A new unclassified global threat assessment from the U.S. intelligence community has the same old rivals: China, Russia, Iran and North Korea.
U.S. forces in Korea have faced a changing and challenging training environment but remain ready to maintain peace and security on the peninsula, Gen. Robert Abrams told the House Armed Services Committee.
Testifying March 10, the commander of the United Nations Command, Combined Forces Command and U.S. Forces Korea said North Korea “continues to pose a threat to the international security environment with no indication that they have ceased development of nuclear capabilities.”
North Korea remains a major national security challenge, Pentagon officials told Congress.
Testifying Jan. 28 before the House Armed Services Committee, John Rood, DoD’s undersecretary for policy, said North Korea “poses an ongoing, credible threat to the United States homeland, our allies in South Korea and Japan, in addition to undermining international arms control regimes and engaging in egregious human rights violations and abuses.”
“Predicting North Korea’s future behavior is always hazardous,” Rood said.
The end of high-profile U.S. and South Korean training exercises has not diminished warfighting capabilities, according to Chairman of the Joint Chiefs Marine Gen. Joseph Dunford.
“I am very confident today that we have not compromised the readiness of the alliance to go to war, should that be required,” Dunford said May 29 at a Brookings Institution event in Washington, D.C.
The alliance between the U.S. and South Korea “is stronger and more ready than ever,” the top U.S. general in the Republic of Korea said May 22.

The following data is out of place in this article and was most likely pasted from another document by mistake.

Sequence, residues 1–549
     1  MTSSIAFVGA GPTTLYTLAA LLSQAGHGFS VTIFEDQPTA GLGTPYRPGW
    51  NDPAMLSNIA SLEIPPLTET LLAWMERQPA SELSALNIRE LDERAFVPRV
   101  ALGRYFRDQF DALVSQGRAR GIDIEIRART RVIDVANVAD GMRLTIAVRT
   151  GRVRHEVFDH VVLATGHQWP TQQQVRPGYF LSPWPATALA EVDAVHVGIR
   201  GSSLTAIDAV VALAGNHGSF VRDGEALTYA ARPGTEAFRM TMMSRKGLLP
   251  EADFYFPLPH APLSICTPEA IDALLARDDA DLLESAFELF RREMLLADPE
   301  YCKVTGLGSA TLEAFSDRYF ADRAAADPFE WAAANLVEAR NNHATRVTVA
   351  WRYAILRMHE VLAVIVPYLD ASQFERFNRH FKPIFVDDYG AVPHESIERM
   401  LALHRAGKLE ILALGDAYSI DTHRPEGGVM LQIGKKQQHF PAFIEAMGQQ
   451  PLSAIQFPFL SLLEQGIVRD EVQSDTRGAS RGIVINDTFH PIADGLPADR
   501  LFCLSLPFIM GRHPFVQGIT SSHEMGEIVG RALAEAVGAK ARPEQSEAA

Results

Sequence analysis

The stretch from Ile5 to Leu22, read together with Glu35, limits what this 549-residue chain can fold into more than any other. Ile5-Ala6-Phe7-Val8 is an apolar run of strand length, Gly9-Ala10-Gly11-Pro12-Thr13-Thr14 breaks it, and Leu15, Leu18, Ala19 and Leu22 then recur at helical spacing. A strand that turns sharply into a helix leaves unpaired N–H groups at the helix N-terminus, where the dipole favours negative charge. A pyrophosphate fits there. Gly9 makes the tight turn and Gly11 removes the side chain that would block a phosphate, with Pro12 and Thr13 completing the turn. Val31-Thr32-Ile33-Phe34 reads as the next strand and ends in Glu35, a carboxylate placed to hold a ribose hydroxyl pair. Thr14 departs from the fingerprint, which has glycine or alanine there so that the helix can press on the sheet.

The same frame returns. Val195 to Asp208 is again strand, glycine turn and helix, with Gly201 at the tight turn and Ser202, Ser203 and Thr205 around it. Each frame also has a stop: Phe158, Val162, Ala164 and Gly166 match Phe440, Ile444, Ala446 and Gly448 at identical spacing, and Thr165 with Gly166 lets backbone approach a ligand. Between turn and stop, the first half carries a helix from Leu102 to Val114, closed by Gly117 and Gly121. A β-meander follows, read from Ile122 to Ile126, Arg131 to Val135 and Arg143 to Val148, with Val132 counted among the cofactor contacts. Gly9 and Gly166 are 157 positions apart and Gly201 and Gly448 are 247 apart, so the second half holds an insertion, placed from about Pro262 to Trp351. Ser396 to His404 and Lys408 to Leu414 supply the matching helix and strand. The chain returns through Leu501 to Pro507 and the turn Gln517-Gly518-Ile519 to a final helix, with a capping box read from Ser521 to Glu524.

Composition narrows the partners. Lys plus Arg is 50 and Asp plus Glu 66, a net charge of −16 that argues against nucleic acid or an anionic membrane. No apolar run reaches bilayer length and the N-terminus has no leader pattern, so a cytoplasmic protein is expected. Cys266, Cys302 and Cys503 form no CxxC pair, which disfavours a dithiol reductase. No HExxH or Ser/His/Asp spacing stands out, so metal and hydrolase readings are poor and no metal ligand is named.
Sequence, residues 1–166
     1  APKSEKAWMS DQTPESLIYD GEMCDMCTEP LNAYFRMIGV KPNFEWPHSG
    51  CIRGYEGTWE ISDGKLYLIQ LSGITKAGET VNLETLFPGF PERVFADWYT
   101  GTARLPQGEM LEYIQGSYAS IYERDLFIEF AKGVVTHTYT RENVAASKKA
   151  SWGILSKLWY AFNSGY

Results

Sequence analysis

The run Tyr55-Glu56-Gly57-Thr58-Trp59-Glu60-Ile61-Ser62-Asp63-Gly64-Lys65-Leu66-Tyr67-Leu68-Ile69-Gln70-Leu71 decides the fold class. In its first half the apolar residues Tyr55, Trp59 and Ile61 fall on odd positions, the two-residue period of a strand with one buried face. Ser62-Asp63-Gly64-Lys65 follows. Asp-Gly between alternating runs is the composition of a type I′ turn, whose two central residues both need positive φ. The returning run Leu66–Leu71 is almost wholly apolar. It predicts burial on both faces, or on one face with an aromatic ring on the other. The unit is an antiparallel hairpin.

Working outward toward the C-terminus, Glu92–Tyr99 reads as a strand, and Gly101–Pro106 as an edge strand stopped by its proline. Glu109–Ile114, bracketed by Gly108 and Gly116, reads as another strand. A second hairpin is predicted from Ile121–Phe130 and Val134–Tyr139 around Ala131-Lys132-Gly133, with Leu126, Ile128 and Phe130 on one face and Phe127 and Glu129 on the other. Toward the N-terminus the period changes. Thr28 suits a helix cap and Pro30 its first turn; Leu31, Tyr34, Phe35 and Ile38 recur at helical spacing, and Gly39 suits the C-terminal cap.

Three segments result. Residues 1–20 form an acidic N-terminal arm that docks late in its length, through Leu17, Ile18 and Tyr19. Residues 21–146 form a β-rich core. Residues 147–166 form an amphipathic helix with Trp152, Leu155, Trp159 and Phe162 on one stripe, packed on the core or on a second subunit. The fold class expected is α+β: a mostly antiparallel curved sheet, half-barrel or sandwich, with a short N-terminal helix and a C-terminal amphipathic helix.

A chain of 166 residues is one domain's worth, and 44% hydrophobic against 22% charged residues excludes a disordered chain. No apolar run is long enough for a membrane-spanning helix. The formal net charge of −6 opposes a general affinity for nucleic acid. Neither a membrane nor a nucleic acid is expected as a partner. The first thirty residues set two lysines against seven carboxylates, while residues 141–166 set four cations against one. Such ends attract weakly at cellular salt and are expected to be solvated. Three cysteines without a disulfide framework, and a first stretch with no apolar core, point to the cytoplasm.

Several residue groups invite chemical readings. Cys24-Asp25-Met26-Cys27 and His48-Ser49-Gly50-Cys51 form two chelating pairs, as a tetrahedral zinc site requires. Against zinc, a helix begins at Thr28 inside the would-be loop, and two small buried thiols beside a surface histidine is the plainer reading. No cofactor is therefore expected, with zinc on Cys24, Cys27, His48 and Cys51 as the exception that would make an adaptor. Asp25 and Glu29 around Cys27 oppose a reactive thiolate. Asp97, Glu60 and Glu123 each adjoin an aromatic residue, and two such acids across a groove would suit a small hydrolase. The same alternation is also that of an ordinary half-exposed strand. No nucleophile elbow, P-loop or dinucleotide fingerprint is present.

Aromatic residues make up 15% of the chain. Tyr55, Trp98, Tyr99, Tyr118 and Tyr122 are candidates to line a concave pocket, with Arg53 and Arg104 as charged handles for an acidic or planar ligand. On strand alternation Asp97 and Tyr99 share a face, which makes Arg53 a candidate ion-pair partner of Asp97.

Speaking at the Association of the U.S. Army’s LANPAC Symposium and Exposition in Honolulu, Gen. Robert B. Abrams, commander of U.S. Forces Korea and U.N. Command-Combined Forces Command, said the 65-year-old alliance between the U.S. and South Korea remains critical for economic and security reasons.
The Army is making sure the Korean War, a conflict that took 36,000 American lives and is often referred to as “the Forgotten War,” is anything but forgotten as the 69th anniversary of its beginning approaches.
“Where the Hell is Korea? Warfare in the Land of Sorrow,” a new exhibit opening May 18 at the U.S. Army Heritage and Education Center at Carlisle Barracks, Pennsylvania, showcases the war’s timeline and presents stories of soldiers who fought on the front lines and those who supported them.
The tension that once dominated the Korean Peninsula has been reduced through diplomatic engagement, but there has been no “verifiable change” in North Korea’s nuclear posture, the commander of U.S. troops in South Korea told a Senate committee.
Gen. Robert B. Abrams, who took over as commander of U.N. Command, Combined Forces Korea and U.S. Forces-Korea on Nov. 7, told members of the Senate Armed Services Committee that the “hard work of diplomacy” has reduced tension and created the environment needed for North Korea to “choose a path of denuclearization.”
Air and missile defense against adversaries such as North Korea, Russia and China requires a “broad spectrum of capabilities” that can address the specific threat each country represents, the officer in charge of deterring a strategic attack against the U.S. and its allies says.
Two former U.S. secretaries of state warn that North Korea’s evolving nuclear program presents an immediate national security threat over the possibility the regime would use the weapons and a longer-term threat because it will encourage nuclear proliferation.
A joint U.S-South Korean decision to postpone planned military exercises until after the 2018 Winter Olympics was more of a practical than political decision, Defense Secretary Jim Mattis said.
The PyeongChang Olympics begin Friday, February 9 with the opening ceremony and a few events, and ends February 25. Joint military drills had been planned in South Korea during at least part of the international games but the two countries announced they would hold off.